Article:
You Know My Name is possibly the strangest song in the entire Beatles catalogue. Conceived by Lennon as a sort of mantra, repeating the title over and over again, it was recorded over several years and nearly became a single for the Plastic Ono Band. This version is shorter than the one on the Anthology and is in mono. It has the gospel intro, the night club crooner and the Lennon nonsense sections, but omits the ska section.

A valuable collection for songs such as Rain and You Know My Name, which are hard to get elsewhere.

Review by Guillermo
4 stars As previous reviewers said, this C.D. contains the singles and their B-sides released between 1965 and 1970. The only song which wasn`t released as a single is the version included here of "Across the Universe", which is not the same version included in the "Let It Be" album, because it lacks the orchestral arrangements, but it is the same take of the song. It was speeded-up for release in a various artists album called "No One`s Gonna Change Our World", a charity album released in December 1969 by the World Wildlife Fun (on the Regal Zonophone Starline label, owned by EMI). This version also includes backing vocals by two female Beatles`fans who were chosen among a lot of fans who were everday outside Abbey Road Studios! This version also has added wildlife sound effects.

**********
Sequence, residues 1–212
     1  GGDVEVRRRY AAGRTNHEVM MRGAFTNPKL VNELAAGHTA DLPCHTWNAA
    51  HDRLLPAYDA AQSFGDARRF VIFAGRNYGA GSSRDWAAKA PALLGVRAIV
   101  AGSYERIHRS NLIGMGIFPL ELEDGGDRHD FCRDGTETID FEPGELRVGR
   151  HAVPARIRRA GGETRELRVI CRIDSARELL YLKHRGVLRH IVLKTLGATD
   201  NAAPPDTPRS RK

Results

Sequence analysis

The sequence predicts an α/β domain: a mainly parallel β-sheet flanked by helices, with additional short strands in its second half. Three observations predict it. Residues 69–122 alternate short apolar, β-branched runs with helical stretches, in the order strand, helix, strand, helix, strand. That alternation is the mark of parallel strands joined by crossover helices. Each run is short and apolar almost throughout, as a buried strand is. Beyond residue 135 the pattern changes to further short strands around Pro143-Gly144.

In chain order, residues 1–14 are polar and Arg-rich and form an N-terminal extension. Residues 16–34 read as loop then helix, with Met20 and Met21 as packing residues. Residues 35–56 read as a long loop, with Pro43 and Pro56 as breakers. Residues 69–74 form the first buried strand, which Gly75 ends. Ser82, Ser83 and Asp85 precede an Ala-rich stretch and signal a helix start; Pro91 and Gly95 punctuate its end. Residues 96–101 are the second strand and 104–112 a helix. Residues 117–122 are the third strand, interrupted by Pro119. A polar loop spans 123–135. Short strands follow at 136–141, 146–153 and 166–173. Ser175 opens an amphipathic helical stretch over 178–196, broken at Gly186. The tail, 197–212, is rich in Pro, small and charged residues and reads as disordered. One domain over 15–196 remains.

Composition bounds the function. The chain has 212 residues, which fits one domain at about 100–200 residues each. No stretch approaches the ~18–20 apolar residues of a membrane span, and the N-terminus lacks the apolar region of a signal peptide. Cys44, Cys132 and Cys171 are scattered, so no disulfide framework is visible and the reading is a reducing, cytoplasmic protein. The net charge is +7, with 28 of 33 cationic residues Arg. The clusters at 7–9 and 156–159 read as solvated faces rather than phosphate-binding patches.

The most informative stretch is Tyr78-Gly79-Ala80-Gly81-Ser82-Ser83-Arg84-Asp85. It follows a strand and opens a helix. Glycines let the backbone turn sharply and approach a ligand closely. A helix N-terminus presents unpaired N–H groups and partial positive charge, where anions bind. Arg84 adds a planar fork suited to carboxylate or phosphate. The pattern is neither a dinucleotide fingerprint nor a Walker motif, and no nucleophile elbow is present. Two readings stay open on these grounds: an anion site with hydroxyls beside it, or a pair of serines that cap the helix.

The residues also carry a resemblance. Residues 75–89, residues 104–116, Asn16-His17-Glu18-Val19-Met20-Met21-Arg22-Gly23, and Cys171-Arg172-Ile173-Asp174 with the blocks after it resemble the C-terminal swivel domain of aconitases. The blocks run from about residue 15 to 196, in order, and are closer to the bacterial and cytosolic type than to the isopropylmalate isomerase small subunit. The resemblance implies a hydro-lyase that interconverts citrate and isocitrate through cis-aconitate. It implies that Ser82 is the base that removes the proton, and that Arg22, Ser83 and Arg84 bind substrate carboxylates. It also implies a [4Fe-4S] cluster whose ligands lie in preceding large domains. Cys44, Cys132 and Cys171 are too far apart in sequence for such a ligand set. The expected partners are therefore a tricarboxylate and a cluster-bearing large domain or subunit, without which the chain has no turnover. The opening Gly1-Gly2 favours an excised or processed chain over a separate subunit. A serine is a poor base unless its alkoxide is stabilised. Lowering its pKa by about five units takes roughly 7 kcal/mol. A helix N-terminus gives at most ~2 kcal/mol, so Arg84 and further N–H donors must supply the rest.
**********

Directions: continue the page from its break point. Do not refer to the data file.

All songs were mixed in Stereo, except "You Know My Name (Look Up the Number)", the B-side of the "Let It Be" single (which in this version has a different lead guitar played by Harrison in comparison to the version which was included in the "Let It Be" album). This is a very funny song, full of The Beatles`humour. It was originally recorded in mid 1967, with the late Brian Jones of The Rolling Stones playing sax! This song has the "atmosphere" of a "bad reputation Night Club", with Lennon & McCartney singing funny vocals (which were recorded in mid 1969). This version was the edited version of the song (edited and mixed in Mono by Lennon in late 1969 because he wanted to release it as a Plastic Ono Band single, but he wasn`t allowed to do that).The long lenght version was released in Stereo in the "Anthology 2" 2 C.D. set. I first listened to this B-side of the "Let It Be" single when I was 5-6 years old with my brothers. My father bought this single, and we were all laughing loudly while listening to this song! (I still smile while listening to it!). Maybe with this song The Beatles were trying to re-create the "atmosphere" of some of the Night Clubs in which they played at the start of their career (they even backed some strip-tease "artists" then!).